At Orfield Laboratories in Minneapolis, this is the world’s quietest room. Using 3 foot thick fiberglass insulation and deep foam sound-absorbing wedges, this room absorbs 99% of outside noise, leaving only the sounds of the people or objects that are brought in here.
While the room is used sometimes for technical analysis— for example, companies testing out the sound of a switch or a dial or some other mechanical component, it’s also a test of psychological will. The longest anyone has ever stayed in this room in complete sound deprivation before they had to leave was 45 minutes. Forty-five minutes of absolute dead silence.
Put a human being in there, however, and they become disoriented or even experience hallucinations. After a few minutes, founder Steven Orfield told the Daily Mail, your body begins to adapt to the soundlessness, picking up smaller and smaller sounds. “You’ll hear your heart beating, sometimes you can hear your lungs, hear your stomach gurgling loudly. In the anechoic chamber, you become the sound.” Because there are no external sounds, it’s difficult to move around: “If you’re in there for half an hour, you have to be in a chair.”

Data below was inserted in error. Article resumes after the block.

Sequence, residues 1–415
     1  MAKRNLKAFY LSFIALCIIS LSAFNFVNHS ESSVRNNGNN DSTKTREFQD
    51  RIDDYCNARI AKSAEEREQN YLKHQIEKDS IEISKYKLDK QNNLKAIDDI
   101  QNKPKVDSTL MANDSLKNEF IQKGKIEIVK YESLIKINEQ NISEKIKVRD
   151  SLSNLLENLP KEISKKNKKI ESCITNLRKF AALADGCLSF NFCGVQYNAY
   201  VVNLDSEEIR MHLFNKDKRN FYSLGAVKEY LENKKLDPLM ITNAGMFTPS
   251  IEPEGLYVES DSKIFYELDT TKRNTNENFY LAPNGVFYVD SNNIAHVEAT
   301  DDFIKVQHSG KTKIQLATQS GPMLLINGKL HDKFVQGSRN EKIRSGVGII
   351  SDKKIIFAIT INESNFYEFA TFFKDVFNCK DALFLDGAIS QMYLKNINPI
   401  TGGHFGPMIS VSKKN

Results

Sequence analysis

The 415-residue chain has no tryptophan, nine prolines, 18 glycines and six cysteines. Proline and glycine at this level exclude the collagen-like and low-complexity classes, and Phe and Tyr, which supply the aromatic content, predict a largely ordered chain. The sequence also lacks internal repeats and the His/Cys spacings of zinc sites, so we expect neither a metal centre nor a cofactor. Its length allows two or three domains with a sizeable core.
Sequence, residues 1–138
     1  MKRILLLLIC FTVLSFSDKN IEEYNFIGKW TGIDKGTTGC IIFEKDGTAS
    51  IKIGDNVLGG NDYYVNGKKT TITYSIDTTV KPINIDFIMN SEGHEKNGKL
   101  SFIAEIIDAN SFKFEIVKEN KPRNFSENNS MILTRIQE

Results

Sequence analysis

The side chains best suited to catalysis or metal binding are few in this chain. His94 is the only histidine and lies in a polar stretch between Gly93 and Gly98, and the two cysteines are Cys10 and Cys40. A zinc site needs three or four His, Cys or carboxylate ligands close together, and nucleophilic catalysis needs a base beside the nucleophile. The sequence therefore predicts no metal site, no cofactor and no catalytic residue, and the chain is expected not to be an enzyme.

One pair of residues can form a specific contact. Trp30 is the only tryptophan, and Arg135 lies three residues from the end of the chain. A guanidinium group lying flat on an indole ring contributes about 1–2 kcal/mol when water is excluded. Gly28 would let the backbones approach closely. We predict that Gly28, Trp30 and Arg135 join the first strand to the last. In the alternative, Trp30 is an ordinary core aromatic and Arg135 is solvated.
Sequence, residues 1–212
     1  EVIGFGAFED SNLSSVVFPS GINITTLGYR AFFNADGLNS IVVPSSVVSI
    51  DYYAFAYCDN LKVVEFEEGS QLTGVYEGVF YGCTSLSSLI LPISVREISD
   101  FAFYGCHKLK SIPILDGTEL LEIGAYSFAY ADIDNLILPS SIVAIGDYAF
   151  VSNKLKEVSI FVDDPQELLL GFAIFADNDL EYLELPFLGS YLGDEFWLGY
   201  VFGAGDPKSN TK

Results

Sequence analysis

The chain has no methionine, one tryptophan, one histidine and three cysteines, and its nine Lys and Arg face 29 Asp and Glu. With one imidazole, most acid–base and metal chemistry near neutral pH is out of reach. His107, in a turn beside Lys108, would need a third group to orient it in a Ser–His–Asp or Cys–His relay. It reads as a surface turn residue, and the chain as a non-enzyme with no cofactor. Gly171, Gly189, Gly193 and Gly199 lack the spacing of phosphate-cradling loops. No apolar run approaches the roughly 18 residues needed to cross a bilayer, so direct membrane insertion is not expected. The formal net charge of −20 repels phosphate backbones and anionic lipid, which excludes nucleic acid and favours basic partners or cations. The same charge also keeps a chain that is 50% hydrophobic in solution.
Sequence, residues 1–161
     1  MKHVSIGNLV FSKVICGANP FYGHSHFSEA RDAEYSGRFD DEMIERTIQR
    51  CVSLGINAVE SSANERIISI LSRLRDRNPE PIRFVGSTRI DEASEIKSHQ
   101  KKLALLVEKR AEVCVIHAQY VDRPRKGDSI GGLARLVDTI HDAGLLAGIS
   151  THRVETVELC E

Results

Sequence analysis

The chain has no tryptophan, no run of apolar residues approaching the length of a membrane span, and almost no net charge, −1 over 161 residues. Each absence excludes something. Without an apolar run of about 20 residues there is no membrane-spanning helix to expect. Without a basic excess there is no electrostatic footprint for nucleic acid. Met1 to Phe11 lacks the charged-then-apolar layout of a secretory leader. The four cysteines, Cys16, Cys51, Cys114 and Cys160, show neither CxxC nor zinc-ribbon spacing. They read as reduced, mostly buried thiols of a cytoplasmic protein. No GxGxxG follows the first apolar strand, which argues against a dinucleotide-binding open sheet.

In extreme cases, the sensory deprivation is debilitating. NASA astronauts train by being placed in a water tank in the room, an experience that apparently causes hallucinations as the body tries to create sensations out of thin air. When the lights are turned out, the Mail says that the longest time anyone has been able to stay inside is 45 minutes.